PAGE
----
Formal Confusion

Experts at the Table: part two. Formal has to live in a simulation world and that can create difficulties. Finding the right talent can also be a challenge.


Semiconductor Engineering sat down to discuss the right and wrong ways to apply formal verification technology with Normando Montecillo, associate technical director at Broadcom; Ashish Darbari, principal engineer at Imagination Technologies; Roger Sabbagh, principal engineer at Huawei; and Stuart Hoad, lead engineer at PMC Sierra/Microsemi. What follows are excerpts of a conversation that took place during Decoding Formal, an event organized by Oski Technology and sponsored by Synopsys.

SE: In simulation we have metrics. We all know how bad they are and yet we trust them. Where are with closure and ?

Darbari: Consider lint. You run it without a testbench. It does find bugs and gives you a good feeling about hitting lines of the RTL, but not in terms of feature coverage that we are used to in simulation. If you are writing assertions then you have thought about requirements, which is what I equate to completeness. Completeness is asking: have we covered the space of the requirements. There is a missing part of in simulation and that is an aspect of mutation to see if you can actually fail the checkers. We should unify it all and come up with one number.

Sabbagh: There is a feeling amongst formal guys that formal is perfect – it provides a proof. And we want a coverage metric which is equivalent. In reality, we don’t have that in simulation and we have been living with imperfect metrics for years. What we have is good enough. If assertions are covering all the functions of the design based on the structural coverage points; if they fan into the assertions; if they are included within the proof of abstraction region – we have bounded proofs that let you know if the structural coverage points are within the depth of the proof – we have the ability to prove if things are reachable, which simulation cannot do. We have a slew of things and we undersell the value of what we have. The ability to sign off with formal is much more rigorous than with simulation.

Hoad: I am not sure if it is more rigorous, it is just different and understanding how it is different is key.

Sabbagh: Unless you use mutation coverage in simulation, which is very expensive, you really have no observability coverage metric. All you have is a controllability metric which says I was able to stimulate some part of the design and cause something to be exercised within the design. Did it produce the right result? I don’t know. It may have produced a bad result that did not propagate to a checker. Even functional coverage does not tell you that the testbench was checking any results at that time. It is very weak and yet we rely on those metrics.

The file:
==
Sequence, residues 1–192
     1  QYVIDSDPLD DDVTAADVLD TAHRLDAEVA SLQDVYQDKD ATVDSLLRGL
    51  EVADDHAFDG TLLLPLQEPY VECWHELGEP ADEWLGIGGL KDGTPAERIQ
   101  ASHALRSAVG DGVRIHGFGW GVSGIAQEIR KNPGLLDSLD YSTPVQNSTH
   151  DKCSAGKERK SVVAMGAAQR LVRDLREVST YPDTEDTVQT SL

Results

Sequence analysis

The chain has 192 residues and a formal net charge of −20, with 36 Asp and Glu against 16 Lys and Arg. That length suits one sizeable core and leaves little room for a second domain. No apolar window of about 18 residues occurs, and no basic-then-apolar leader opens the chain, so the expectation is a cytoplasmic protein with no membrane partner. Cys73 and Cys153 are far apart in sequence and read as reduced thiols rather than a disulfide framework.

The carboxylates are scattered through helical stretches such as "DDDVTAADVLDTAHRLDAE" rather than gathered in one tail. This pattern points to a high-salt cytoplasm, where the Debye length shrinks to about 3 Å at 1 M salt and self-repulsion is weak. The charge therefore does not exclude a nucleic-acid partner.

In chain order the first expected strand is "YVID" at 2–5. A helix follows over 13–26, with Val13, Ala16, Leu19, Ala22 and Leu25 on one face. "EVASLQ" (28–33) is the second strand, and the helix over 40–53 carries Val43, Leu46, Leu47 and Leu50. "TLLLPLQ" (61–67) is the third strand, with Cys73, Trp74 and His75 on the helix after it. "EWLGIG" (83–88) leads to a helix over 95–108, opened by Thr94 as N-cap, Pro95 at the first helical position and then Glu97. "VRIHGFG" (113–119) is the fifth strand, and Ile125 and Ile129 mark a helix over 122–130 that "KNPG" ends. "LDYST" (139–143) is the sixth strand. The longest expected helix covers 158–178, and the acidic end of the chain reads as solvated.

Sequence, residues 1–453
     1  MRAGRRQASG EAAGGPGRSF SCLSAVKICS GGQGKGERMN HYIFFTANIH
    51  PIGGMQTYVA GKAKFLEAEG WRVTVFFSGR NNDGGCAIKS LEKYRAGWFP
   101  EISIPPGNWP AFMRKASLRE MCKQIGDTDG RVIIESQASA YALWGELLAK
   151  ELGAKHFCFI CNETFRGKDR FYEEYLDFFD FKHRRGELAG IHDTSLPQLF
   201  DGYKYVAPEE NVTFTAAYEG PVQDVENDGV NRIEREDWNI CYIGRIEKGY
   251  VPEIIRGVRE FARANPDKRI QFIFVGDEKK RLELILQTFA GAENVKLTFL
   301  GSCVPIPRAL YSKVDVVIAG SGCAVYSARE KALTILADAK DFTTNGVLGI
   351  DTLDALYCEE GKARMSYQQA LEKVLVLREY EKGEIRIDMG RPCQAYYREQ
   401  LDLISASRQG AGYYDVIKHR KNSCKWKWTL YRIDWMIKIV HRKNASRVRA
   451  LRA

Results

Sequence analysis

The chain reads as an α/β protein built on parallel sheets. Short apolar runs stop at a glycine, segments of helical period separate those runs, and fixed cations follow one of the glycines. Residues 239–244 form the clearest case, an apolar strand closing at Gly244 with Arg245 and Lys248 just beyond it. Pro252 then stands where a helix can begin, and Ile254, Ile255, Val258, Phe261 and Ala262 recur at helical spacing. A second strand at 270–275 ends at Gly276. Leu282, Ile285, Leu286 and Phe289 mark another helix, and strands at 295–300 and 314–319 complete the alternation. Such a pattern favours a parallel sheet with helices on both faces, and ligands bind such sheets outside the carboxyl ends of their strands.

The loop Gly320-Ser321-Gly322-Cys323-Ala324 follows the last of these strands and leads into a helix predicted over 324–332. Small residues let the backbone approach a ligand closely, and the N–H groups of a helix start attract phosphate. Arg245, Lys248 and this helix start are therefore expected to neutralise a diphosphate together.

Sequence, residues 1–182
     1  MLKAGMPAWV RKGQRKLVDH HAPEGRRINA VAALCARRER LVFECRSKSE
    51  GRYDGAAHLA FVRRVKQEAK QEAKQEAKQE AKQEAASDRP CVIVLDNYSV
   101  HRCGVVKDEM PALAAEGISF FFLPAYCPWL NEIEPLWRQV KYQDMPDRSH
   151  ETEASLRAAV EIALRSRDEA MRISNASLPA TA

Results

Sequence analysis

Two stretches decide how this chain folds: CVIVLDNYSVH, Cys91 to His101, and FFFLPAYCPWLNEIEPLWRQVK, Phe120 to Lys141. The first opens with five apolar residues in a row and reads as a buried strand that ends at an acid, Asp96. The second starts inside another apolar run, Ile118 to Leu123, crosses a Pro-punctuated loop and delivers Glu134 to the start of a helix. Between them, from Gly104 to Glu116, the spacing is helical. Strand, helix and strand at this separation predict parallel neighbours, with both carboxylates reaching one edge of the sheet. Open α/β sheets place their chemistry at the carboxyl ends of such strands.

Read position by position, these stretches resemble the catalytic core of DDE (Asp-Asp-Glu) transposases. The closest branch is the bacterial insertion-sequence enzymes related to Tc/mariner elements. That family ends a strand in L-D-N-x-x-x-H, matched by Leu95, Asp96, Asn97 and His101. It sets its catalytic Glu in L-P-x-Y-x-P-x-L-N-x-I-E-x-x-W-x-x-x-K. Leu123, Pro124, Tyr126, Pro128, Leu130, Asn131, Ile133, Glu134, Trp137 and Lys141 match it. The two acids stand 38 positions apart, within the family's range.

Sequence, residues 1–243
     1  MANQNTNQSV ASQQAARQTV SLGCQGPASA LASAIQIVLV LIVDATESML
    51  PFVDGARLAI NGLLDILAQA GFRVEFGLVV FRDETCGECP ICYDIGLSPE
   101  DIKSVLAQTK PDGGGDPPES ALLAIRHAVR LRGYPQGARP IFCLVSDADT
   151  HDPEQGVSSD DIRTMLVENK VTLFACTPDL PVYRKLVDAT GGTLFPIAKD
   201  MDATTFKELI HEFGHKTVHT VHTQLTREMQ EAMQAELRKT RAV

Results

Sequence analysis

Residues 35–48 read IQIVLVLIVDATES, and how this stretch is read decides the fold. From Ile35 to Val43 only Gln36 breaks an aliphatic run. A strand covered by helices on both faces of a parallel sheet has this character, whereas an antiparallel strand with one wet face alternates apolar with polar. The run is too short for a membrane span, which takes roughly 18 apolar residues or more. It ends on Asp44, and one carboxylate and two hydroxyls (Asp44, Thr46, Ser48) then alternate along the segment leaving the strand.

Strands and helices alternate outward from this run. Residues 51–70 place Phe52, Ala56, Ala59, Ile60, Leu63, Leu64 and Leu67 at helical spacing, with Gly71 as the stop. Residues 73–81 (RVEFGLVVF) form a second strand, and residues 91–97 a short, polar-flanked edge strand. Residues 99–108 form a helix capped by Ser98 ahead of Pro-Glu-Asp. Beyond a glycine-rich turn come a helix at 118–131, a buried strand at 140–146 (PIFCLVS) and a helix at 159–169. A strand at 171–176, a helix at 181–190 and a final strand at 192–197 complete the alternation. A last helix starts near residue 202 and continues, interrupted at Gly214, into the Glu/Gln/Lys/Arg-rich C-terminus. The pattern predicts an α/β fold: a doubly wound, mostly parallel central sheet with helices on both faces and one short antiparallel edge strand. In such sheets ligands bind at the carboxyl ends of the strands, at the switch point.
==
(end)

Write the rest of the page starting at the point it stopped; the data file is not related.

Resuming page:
Montecillo: Management is comfortable with simulation coverage today. The holy grail of formal is to get to a point where our coverage can plug into their coverage and the two will merge and we will get the 100% coverage that every wants to see. We are so tied to simulation coverage. I am not sure if we can get there because this is a very difficult problem. For formal we rely heavily on test planning. The testplan tells us which checkers we need to write, what are the constraints that need to be written and then rely on sequential depth analysis to get there and also looks at unreachable and proof of depth.

Darbari: In the short term we can generate metrics that blend with simulation.

Hoad: We are getting there.

Sabbagh: But is that the right thing to chase for? Just because simulation has been doing it that way — why can’t we raise the bar a little? It is time to join hands and really sort it out.

SE: What are the biggest breakthroughs in the past year in terms of usage and deployment of formal?

Hoad: Usability. Increasingly, anyone can use a formal tool and get results quickly. If they are so motivated, they can then try harder to do different things with the tool. The GUIs that modern formal tools have is the biggest development.

Montecillo: In the past five years, the engines have also developed. Five years ago, I had to do abstraction in order to get deeper. With some of the engines I am using today, I don’t have to do that. It does it for me and allows me to get deeper into the design. Coverage is making progress even though it is not yet where we want it to be.

Sabbagh: Methodology is one of the things that makes or breaks the game. The invention of the IC3 algorithm has been a game changer and it has been adoption by almost all of the vendors. Because of this, scalability has increased. Debug is a task that takes a lot of time and the usability has helped with this. Not all EDA tools are quite there yet.